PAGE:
When someone is supposed to pay child support, Florida residents are often involved in a divorce in which someone has kids that still need to be cared for after the separation process. Oftentimes when someone is going through a divorce and wants to pay adequately to help their child have the same quality of life as they did before the separation process, a person may be wondering how much money they are going to have to pay regularly. There is no universally accepted amount that all spouses have to pay for their children, but it is calculated in many ways depending on many factors of the marriage and lifestyle a family had prior to getting a divorce.
Completing Financial Affidavits of Income and Expenses
No court is going to be able to set a predetermined number that both spouses should be paying in child support. Florida residents should understand that child support is determined proportionally based off of financial affidavits that each individual is supposed to fill out accurately and honestly. The type of information that is included in these reports is not only income that someone makes, but also the amount of expenses that are being paid for. Income is not only the salary of some, but it can also include bonuses and conditions, as well as investments and other personal finances.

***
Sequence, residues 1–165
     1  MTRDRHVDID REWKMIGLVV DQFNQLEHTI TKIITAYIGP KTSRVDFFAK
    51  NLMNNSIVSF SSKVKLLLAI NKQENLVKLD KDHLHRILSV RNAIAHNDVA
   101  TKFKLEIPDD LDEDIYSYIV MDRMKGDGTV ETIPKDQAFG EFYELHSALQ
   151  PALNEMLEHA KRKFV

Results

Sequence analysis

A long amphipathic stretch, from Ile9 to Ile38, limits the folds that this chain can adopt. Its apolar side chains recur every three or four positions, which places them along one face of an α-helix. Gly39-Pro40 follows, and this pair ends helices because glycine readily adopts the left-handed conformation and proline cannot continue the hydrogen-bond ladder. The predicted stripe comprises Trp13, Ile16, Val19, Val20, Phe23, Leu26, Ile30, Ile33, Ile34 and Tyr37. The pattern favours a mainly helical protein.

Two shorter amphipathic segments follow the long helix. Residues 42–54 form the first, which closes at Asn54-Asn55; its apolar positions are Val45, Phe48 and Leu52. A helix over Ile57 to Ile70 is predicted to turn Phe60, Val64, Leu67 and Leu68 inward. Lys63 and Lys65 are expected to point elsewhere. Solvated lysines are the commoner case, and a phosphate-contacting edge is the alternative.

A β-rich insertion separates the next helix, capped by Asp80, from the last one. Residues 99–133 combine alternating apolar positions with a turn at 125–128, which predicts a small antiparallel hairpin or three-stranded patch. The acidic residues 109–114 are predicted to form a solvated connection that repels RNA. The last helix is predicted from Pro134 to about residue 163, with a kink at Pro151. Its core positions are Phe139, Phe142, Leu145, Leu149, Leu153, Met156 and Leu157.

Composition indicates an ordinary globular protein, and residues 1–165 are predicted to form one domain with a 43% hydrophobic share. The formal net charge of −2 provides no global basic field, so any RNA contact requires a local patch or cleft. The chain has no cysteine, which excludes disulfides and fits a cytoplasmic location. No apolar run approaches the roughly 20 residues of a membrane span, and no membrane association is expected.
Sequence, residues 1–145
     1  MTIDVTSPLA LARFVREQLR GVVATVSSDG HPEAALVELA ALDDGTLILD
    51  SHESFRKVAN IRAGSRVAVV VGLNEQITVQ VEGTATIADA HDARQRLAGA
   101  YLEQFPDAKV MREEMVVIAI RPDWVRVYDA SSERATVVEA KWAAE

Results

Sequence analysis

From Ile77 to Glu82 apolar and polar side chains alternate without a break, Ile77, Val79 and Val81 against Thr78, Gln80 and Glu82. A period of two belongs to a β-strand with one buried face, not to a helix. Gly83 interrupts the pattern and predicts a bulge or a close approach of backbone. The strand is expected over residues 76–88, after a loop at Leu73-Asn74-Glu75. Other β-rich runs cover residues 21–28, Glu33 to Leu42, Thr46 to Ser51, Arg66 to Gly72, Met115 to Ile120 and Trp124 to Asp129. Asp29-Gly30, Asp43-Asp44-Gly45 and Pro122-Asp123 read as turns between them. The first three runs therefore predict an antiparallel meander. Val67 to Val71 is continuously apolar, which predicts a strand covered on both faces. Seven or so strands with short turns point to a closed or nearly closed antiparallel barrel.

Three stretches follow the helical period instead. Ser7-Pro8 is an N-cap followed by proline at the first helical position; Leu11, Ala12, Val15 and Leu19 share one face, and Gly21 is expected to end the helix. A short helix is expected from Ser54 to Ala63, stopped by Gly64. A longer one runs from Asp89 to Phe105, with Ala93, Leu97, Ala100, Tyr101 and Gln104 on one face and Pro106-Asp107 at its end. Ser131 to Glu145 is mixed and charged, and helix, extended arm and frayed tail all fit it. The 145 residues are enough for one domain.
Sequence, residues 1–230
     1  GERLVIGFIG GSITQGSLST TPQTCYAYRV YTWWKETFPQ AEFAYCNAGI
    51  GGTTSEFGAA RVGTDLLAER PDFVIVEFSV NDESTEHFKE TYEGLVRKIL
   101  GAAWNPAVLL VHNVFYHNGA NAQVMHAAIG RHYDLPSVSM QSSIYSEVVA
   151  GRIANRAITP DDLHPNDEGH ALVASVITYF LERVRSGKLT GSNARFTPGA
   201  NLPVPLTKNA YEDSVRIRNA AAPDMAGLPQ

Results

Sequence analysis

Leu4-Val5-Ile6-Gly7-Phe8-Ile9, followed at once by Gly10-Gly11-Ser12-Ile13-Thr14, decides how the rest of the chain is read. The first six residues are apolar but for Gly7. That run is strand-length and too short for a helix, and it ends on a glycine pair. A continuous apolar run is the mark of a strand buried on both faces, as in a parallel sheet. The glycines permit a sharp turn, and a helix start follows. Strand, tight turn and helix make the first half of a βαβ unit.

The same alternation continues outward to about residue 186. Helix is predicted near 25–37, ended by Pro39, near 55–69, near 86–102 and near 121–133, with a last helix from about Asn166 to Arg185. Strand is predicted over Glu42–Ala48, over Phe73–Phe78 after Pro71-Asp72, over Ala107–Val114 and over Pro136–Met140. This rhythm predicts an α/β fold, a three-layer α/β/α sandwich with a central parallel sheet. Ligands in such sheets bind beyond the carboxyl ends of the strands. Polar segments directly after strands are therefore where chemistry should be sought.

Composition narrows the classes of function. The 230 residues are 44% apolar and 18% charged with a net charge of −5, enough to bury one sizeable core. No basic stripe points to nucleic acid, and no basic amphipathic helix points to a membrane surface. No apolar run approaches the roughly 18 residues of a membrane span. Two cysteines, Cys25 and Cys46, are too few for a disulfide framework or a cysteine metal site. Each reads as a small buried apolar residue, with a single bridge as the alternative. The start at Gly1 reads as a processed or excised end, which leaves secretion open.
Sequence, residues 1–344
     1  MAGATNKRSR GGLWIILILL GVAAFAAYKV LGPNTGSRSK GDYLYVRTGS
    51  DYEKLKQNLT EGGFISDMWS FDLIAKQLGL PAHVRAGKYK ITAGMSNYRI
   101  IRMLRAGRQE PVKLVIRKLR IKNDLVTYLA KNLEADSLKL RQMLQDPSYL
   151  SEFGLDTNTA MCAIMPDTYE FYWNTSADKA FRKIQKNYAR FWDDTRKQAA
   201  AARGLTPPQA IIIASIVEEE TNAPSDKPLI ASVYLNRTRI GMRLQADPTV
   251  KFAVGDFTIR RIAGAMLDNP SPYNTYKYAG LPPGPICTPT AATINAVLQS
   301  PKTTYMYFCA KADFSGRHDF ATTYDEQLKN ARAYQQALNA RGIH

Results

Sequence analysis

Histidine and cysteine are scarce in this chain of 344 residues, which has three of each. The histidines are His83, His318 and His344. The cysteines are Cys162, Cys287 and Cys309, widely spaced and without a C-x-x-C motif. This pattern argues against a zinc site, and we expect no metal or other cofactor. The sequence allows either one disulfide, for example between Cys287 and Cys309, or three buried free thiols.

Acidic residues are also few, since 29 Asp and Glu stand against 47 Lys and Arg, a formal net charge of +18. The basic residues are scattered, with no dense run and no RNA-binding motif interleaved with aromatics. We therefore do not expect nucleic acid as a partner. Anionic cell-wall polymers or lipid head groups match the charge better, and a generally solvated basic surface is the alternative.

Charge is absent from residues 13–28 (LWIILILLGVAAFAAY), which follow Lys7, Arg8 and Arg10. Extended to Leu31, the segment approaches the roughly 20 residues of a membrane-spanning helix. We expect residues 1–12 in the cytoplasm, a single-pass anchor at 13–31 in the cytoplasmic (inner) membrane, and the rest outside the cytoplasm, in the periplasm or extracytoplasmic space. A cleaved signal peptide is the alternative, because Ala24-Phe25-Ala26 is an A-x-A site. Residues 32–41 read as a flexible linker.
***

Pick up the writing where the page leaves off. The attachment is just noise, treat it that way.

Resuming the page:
What if Someone Cannot Pay their Monthly Child Support Payments?
Financial affidavits are only initially useful to the process of calculating child support. Florida residents who are caught paying a monthly child support payment might come to a time when they are experiencing economic hardships. Maybe someone has just lost their job, and they are finding it difficult to pay the amount that was determined by the court. In these situations, someone may file for an adjustment or modification for the time being, but it is not something that is permanent. However, if someone is refusing to pay money for child support, they may have their income partially deducted over time to cover the costs. There are other ways that someone can have their pay taken and used for child support, such as during tax season.
*Disclaimer: The views expressed here are those of the authors and do not necessarily represent or reflect the views of Butash and Donovan*